Wednesday, January 08, 2003

Is it just me or has anyone else noted how the escalating hysteria about (a) the "black armband theory of history" and (b) "border protection" just continues to highlight the inconsistency between the two positions. And it is a particularly fun debate because you get to put it in the context of that most favoured of economic concepts - property rights. How come if it is so important that "we chose who should come here" should we assume previous generations' decision to invade was okay?

And does the absence of a concept of individual property in that early period justify the position? Not really, because the justification of the current position is about communal property - the overall thing called Australia (including those islands currently proscribed by regulation). So previous inhabitants had just as much right to chose who should come.

Perhaps it just reveals the simple corollary of the institutional underpinning of capitalist economies, that posession is nine-tenths of the law. But more importantly it reveals the uselessness of trying to decide these questions on the basis of absolutes. These are both relative questions and need to be discussed within a context. And as that context changes - either with time or frame of reference - the conclusions may be different. How firmly I should believe in my conclusions can be tested by some simple "sensitivity" analysis - how much do my conclusions vary if I change the context.

Our internal debate about our relationship with indigenes and our debate about people whose home lands are such that they will risk much to seek to relocate both draw us to current questions of economic development. And to discuss that we go to the really big questions of defining progress. That's for another conversation - but I'll declare my bias - I'm happy that I and my children live in 2003 and would prefer to live in this year now than in any preceeding year. And I think that the institutional (and associated cultural) developments that have accompanied this have been generally good. So these changes are clearly worth imposing on others - it is the altruistic thing to do - far more than "preserving cultures".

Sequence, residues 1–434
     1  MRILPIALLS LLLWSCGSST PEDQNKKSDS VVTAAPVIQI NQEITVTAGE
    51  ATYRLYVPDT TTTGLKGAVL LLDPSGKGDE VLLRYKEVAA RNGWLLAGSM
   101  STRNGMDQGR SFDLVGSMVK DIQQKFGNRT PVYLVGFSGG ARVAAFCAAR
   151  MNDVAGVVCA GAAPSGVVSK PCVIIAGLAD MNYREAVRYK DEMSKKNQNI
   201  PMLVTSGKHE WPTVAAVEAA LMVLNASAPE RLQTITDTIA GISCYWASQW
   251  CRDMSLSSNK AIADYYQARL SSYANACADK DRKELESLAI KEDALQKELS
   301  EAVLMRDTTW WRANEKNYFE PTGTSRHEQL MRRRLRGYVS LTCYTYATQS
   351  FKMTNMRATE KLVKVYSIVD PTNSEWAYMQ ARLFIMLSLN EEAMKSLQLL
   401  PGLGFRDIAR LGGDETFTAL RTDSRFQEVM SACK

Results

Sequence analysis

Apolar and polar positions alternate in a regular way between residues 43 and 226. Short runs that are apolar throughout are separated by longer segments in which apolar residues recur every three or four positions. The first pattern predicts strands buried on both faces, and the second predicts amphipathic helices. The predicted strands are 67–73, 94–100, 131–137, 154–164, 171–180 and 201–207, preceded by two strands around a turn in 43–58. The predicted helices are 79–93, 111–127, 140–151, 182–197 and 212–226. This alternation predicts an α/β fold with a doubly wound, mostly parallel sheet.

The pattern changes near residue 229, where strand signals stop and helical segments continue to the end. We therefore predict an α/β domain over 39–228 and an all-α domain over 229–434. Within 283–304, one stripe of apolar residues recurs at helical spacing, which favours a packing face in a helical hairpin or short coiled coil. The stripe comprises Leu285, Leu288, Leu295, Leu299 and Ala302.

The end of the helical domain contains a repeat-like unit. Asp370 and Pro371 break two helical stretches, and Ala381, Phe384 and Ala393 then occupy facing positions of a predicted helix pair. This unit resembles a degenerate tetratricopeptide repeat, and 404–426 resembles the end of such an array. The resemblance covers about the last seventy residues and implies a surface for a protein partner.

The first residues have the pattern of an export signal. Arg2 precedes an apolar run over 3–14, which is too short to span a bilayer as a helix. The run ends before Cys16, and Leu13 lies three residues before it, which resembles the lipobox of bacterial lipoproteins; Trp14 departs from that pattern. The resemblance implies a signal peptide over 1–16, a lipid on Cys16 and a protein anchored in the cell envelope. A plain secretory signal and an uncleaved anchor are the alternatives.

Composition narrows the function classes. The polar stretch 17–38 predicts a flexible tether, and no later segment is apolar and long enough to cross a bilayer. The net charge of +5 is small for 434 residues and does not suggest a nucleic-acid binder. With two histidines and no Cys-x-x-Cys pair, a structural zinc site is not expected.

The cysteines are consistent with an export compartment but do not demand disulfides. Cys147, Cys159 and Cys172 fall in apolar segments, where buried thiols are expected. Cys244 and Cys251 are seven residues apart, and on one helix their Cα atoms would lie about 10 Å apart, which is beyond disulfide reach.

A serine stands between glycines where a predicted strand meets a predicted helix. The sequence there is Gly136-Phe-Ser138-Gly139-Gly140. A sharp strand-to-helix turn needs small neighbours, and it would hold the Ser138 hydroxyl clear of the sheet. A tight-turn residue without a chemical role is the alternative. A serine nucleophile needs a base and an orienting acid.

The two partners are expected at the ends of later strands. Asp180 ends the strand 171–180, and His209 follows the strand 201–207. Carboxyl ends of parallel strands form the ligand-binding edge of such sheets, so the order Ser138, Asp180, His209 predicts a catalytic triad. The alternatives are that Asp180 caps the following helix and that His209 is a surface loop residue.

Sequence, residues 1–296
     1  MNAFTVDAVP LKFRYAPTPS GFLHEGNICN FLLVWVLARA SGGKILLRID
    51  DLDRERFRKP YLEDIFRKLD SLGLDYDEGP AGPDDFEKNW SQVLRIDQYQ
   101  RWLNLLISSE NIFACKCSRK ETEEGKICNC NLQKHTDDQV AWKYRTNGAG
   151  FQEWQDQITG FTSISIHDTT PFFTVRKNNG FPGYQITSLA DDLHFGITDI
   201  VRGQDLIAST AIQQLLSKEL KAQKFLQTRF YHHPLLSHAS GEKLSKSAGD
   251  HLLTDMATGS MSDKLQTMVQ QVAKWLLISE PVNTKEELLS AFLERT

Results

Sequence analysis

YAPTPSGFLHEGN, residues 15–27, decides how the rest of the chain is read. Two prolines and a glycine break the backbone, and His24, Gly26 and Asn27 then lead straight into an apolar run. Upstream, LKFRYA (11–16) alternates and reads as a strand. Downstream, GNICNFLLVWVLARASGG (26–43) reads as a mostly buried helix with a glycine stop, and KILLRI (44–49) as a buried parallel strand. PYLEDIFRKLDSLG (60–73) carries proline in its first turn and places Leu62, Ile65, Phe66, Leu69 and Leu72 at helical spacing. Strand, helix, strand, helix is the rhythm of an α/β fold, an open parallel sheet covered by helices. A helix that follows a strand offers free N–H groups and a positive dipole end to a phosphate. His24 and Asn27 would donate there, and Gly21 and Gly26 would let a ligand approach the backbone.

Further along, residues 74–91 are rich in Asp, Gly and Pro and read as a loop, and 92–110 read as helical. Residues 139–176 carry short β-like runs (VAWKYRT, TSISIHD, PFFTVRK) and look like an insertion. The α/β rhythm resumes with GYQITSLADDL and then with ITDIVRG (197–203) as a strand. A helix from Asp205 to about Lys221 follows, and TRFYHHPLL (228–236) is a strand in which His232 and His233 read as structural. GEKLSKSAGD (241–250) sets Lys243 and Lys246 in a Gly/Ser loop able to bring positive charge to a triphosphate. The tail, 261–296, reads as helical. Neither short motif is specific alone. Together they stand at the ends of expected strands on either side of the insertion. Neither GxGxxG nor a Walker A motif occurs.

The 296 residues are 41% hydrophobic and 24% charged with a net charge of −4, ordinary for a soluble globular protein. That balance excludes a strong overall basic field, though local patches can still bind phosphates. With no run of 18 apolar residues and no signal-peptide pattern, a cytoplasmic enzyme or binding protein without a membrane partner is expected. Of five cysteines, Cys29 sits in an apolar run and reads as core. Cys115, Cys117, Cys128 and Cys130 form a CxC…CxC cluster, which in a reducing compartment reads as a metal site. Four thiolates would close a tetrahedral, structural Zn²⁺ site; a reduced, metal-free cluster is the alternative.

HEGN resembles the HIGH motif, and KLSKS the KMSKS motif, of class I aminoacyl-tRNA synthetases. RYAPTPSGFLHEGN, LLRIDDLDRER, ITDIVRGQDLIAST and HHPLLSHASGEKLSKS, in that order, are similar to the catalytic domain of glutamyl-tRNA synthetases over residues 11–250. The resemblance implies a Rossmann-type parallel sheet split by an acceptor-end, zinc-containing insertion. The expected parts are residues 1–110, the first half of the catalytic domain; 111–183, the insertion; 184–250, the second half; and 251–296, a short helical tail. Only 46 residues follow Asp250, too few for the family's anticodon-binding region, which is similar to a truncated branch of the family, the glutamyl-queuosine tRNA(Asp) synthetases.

But just as the development of capitalism varied depending on the fine detail of the fuedalism it replaced in different parts of Europe, there is no one "model" of liberal democracy. And certainly the success of developing liberal democracies will need to be sensitive to the initial conditions experienced.

But equally our own institutions must essentially be continually questioned. Constitutional debate in general is therefore of far greater significance than usually recognised. And it is not merely about republics versus monarchies, or federalism versus centralism. It includes the relationships between the much vaunted three wings of government. It includes the way the citizens select their representatives and their relationships with them. "Judicial activism" is of itself not wrong - without judicial activism in eras past there would be no contract law.

This is so self-evident (to me at least) I wonder why more of the national discourse is not engaged in these debates I suspect it is because of the false distinction between the absolutists and the relativists - and one camp is so certain in truth that it must at all times defend what we have, and the other so entranced by a misunderstood extrapolation of "anything goes" that debate is not properly joined. The right is conservative not by dint of reason, but as justification, the left dispersed, disorganised and confused or - at its worst - merely oppositional, defining itself merely as what it is not rather than what it is.

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